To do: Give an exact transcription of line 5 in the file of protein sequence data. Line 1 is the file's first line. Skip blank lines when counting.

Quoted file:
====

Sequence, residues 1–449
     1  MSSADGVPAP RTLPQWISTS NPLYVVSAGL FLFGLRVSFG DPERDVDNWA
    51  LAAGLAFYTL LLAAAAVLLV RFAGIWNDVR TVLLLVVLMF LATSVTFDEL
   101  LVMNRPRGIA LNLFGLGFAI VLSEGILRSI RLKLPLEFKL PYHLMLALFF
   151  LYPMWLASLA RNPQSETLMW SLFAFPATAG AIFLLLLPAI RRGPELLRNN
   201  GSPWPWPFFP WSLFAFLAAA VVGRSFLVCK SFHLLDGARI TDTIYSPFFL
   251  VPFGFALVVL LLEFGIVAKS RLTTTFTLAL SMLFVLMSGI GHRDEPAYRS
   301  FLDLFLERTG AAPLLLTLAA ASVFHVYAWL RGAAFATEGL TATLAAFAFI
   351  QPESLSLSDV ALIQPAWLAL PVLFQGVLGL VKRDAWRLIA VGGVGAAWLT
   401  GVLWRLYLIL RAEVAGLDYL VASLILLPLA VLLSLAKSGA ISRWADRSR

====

   151  LYPMWLASLA RNPQSETLMW SLFAFPATAG AIFLLLLPAI RRGPELLRNN